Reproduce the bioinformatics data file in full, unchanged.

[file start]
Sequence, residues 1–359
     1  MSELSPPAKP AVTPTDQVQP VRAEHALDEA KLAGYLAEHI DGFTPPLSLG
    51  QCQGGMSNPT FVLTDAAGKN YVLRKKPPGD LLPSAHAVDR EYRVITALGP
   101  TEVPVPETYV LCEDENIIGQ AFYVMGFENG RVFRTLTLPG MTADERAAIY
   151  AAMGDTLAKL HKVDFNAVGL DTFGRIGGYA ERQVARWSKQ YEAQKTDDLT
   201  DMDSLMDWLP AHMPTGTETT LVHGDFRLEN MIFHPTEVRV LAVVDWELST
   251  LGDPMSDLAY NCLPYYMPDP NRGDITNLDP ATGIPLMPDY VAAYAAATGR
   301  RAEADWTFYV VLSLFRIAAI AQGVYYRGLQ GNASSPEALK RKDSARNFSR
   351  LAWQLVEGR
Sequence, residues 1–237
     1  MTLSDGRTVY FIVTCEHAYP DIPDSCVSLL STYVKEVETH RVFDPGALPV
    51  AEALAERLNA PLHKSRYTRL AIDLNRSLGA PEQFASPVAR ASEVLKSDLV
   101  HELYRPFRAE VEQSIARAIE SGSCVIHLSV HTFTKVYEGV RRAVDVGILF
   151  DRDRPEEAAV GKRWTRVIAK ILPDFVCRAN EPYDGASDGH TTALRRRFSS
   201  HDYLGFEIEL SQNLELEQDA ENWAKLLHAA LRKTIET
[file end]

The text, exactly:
Sequence, residues 1–359
     1  MSELSPPAKP AVTPTDQVQP VRAEHALDEA KLAGYLAEHI DGFTPPLSLG
    51  QCQGGMSNPT FVLTDAAGKN YVLRKKPPGD LLPSAHAVDR EYRVITALGP
   101  TEVPVPETYV LCEDENIIGQ AFYVMGFENG RVFRTLTLPG MTADERAAIY
   151  AAMGDTLAKL HKVDFNAVGL DTFGRIGGYA ERQVARWSKQ YEAQKTDDLT
   201  DMDSLMDWLP AHMPTGTETT LVHGDFRLEN MIFHPTEVRV LAVVDWELST
   251  LGDPMSDLAY NCLPYYMPDP NRGDITNLDP ATGIPLMPDY VAAYAAATGR
   301  RAEADWTFYV VLSLFRIAAI AQGVYYRGLQ GNASSPEALK RKDSARNFSR
   351  LAWQLVEGR
Sequence, residues 1–237
     1  MTLSDGRTVY FIVTCEHAYP DIPDSCVSLL STYVKEVETH RVFDPGALPV
    51  AEALAERLNA PLHKSRYTRL AIDLNRSLGA PEQFASPVAR ASEVLKSDLV
   101  HELYRPFRAE VEQSIARAIE SGSCVIHLSV HTFTKVYEGV RRAVDVGILF
   151  DRDRPEEAAV GKRWTRVIAK ILPDFVCRAN EPYDGASDGH TTALRRRFSS
   201  HDYLGFEIEL SQNLELEQDA ENWAKLLHAA LRKTIET